The creation of a Porto Municipal Tourist Tax, which might reach two euros per night, is designed to solve housing problems and omits improvements in the tourism sector, claims the Hospitality Association of Portugal. The City Council explained, “the proceeds of this levy are to be applied in projects aimed at promoting housing for the middle and lower middle class in the historic centre to accelerate the repopulation and curb pressures from real estate development.
Lisbon has experienced the greatest decline in the number of young adults within Portugal in recent years. One factor contributing to the drop is the difficulty in finding affordable housing. In 2012, the median rent in Lisbon was €268, according to INE (“Instituto Nacional de Estatística”). In 2016, the average climbed to €830.
But high rent is only part of the problem. The ageing of the population is at the root of the decrease. In 1991, Lisbon had 138 seniors for every 100 young people (from 0 to 14 years old). By 2016, the number of elderly rose to 182, a proportional increase of 24%, making Lisbon the oldest council in the nation. Provisional population estimates advanced by INE indicate that the number of young people aged between 20 and 34 living in Lisbon went down from 95,830 in 2011 to 67,916 in 2016, a net loss of 29%.
The Portuguese brand, Lifecooler, announced that it is transforming university residences into Local Lodging during the peak summer months. A pilot project began this August in Lisbon. Designated as “Rooms & Experiences”, the initiative started with a residence with 48 rooms and 68 beds located in the Lumiar district.
The Government is studying a new requirement for Local Lodging that would mandate higher condominium levies for owners who engage in holiday lets. If adopted, it would collide with another bill where the condominiums would be given the power to authorise, on a case-by-case basis, the possibility of owners renting short-term to tourists. The latter proposal was made in absentia and without the governmental consent.
Local Lodging accounted for 480,161 overnight stays in Madeira in 2016. The Regional Statistics Bureau (DREM) study confirms a growth of 53.3% in this parameter as compared with 2015. 93,067 guests accounted for these visits with stays averaging over five nights. Germans m made up 24.7% of “AL” overnights and were the largest national group.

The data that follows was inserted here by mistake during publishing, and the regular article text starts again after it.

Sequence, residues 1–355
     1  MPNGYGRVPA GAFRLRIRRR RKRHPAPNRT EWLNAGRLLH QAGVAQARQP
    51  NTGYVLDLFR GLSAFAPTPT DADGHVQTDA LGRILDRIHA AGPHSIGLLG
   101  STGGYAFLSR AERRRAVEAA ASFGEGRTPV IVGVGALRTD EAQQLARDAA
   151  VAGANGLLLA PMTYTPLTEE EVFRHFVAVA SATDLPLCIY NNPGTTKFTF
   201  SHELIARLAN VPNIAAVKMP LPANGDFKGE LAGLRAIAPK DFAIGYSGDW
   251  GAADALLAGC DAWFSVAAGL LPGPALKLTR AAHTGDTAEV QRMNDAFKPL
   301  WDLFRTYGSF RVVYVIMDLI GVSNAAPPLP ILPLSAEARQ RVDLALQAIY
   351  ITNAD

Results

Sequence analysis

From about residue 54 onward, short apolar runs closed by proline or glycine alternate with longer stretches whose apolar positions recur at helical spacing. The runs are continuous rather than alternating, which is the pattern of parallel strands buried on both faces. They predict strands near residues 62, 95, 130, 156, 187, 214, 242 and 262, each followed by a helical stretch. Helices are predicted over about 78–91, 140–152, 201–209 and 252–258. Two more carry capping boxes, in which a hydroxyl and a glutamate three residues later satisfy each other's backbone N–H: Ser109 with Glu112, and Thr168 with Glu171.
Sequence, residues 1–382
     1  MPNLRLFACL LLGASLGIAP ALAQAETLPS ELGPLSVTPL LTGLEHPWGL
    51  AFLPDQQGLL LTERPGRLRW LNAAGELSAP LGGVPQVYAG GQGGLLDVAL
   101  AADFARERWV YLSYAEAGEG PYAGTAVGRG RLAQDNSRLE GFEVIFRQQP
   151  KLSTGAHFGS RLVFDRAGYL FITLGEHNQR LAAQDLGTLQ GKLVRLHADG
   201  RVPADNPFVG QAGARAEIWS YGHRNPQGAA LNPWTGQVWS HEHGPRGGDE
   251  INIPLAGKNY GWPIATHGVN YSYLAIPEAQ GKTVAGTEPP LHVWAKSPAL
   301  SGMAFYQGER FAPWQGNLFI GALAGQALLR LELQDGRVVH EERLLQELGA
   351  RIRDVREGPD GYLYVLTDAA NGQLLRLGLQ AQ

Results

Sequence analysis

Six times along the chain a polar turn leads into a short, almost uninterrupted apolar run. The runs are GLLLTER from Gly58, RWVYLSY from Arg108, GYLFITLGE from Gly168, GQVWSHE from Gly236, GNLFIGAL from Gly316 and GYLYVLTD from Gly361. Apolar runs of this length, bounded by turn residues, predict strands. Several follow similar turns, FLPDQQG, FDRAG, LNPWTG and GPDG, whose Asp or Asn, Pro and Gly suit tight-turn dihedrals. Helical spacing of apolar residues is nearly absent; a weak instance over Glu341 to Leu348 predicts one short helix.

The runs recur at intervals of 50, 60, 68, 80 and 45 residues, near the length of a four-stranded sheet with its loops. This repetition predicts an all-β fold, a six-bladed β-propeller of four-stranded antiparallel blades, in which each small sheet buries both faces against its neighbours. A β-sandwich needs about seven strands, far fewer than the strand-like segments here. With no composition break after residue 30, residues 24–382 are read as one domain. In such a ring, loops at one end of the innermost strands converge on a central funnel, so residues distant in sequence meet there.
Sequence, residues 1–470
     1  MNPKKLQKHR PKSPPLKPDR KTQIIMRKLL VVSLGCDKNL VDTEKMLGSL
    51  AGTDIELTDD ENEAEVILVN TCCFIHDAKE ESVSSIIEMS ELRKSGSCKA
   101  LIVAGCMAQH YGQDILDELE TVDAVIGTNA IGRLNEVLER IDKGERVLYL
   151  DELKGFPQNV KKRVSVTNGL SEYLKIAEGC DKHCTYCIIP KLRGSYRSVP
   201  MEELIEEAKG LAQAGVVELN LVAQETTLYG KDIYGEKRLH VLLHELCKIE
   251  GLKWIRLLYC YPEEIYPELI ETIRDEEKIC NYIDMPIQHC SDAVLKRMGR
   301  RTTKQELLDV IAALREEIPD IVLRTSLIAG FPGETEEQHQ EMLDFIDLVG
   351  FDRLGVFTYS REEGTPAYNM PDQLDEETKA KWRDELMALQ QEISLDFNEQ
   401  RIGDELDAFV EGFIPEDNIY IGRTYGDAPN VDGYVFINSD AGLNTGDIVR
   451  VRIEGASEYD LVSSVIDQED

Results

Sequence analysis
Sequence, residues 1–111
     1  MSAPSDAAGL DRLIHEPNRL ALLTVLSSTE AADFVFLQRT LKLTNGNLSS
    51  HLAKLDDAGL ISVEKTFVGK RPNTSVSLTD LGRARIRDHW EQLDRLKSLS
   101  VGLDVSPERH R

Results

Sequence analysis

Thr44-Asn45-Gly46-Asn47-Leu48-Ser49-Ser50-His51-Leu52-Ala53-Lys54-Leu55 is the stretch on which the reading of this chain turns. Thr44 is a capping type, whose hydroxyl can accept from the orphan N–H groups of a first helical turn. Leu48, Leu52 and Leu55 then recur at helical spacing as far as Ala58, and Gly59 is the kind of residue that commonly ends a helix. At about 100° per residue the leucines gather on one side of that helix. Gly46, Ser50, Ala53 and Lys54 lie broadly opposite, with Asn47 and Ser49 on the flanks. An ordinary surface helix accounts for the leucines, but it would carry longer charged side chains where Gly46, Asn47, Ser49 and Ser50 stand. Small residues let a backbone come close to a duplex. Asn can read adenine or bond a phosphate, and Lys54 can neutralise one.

The aggregate tourism turnover rose 17% last year to 3,075 million euros. The number of holiday makers jumped to 19 million, an increase of 10%. By geographical distribution, the greatest concentration of tourist beds continues to be the Algarve, with one-third of the total. Lisbon accounted for almost 20%.
The average cost of Local Lodging increased 4.6% in the centre of Lisbon and 0.3% in the historical neighbourhoods of Oporto in the first half of 2017 as compared to the previous six months period according to a recent study.
Over the past 12 months, Airbnb has removed 1,036 Barcelona-based local lodging units from its website. The measure was mandated by the city of Barcelona which considered that the units were being commercialised illegally. According to figures from the municipality, 15% of illegal lets are placed on Airbnb by tenants and not by the property owner.
The latest official statistics from the “INE” (Instituto Nacional de Estatísticas) may prove to be flawed since their records only take into account 1,831 official “AL” offerings. In contrast, the National Registry of Local Lodging (RNAL) tallies almost 50,000 enrolled “AL” establishments. Beyond these “aboveboard” businesses, there are still thousands of “underground” units in operation.
Over the past 12 months, the city of Barcelona has ordered the closure of 2,332 apartments operating illegally as local lodging establishments. Authorities also fined another 3,473 operators in amounts ranging from €3,000 to €60,000 as part of their “zero tolerance” policy.